While I was a site investigator for the CVRx Rheos Trial, a device that induced hypotension and bradycardia by stimulating the carotid baroreceptor with electrical energy to control resistant hypertension, I noticed that Hering’s nerve can be readily identified by accompanying arteries which show up as paired red lines. The baroreceptor complex is a pressure transducer and the maximum dP/dt can be transduced in areas of maximum curvature change. If you recall those tension maps of aneurysm rupture points, they occur in areas of maximum curvature and inflection points -wouldn’t a baroreceptor be constructed to sense pressure and change in pressure here? Hering’s nerve comes out over these areas. It struck me that most of the patients with carotid disease are hypertensive and it may be a disease cycle that occurs with stiffening of the baroreceptor, decreased parasympathetic tone, and hypertension as the output signal with subsequent vessel injury and plaque formation and worsening stiffness -a non virtuous cycle.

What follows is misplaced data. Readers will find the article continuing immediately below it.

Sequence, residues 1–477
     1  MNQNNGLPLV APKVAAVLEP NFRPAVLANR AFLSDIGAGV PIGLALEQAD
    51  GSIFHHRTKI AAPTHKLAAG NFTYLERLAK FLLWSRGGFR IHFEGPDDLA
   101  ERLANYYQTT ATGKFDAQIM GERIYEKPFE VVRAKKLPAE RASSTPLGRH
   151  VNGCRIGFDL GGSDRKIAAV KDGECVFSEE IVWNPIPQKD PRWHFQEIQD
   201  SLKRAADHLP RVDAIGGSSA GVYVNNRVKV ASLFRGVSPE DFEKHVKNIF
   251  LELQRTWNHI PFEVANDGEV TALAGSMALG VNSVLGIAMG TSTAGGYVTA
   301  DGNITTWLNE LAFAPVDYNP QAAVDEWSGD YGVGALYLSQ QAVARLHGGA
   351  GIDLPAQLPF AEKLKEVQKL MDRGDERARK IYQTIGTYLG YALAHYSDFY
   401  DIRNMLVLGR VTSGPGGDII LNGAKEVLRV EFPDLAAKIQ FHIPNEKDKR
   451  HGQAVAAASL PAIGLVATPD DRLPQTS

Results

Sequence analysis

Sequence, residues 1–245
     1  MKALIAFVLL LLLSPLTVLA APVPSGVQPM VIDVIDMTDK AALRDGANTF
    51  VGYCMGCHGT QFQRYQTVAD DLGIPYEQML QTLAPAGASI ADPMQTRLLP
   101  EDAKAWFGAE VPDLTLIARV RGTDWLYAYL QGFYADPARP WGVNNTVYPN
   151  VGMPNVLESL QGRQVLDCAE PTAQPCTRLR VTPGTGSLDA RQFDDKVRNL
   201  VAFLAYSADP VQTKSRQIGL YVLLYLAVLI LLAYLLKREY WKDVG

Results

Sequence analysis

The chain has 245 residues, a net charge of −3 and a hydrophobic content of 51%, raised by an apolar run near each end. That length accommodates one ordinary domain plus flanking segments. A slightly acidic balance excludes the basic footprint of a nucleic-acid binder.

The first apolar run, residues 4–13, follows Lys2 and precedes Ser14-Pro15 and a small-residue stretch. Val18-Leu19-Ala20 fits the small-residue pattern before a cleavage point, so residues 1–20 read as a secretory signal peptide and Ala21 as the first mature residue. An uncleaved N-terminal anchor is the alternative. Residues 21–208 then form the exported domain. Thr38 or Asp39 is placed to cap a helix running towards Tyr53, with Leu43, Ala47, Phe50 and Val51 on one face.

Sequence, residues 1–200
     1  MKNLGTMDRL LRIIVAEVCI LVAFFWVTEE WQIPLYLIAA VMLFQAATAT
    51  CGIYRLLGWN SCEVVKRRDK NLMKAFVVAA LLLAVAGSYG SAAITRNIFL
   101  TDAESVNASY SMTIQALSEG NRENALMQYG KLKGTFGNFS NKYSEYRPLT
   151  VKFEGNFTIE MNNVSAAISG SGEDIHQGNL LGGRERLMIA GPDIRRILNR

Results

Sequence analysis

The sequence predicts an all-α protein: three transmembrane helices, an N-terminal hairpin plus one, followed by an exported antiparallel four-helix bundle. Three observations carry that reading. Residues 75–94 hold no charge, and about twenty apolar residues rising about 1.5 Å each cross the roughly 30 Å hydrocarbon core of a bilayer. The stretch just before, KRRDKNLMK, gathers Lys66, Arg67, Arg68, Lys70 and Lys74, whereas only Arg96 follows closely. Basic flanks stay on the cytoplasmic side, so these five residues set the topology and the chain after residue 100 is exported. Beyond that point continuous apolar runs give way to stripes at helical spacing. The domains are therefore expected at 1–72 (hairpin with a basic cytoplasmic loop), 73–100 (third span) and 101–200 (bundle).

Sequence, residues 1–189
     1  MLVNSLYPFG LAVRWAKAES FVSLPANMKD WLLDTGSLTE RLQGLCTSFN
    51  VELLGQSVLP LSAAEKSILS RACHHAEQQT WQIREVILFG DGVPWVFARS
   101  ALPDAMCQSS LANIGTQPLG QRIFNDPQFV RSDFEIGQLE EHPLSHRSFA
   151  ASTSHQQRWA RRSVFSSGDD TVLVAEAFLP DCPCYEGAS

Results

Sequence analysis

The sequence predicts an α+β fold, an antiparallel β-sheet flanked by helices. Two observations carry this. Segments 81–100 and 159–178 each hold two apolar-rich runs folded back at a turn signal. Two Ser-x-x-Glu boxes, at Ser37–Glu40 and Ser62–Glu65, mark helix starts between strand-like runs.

The nerve probably wraps around the origin of the internal carotid artery or wherever the curvature is best suited for pressure transduction. If you visualize the bulbous origin of the ICA as the belly of the guppy, the arteriotomy is made traditionally on the side facing you which is on the side and across at least half of Hering’s nerve -on the lateral surface of the guppy. If you make instead an arteriotomy on the belly of the guppy, and preserve as much of these nerves as possible, it would be theoretically possible to reconstitute a baroreceptor, maybe the dominant one (there is a sidedness to the baroreceptor strength).
There is an intriguing consequence to cutting the nerves -for example in skeletonizing the ICA for an eversion. Eversion endarterectomy done this way is associated with greater incidence of postop hypertension than standard endarterectomy (ref 1,2). The question is if the converse -if reconstituting the baroreceptor can bring decreased need for anti hypertensive medications or even hypotension and bradycardia -is true and if there is potential for applying this as therapy for hypertension as well as stroke risk reduction.
1. J Vasc Surg. 2012 Aug;56(2):324-33.
2. J Vasc Surg. 2001 Nov;34(5):839-45.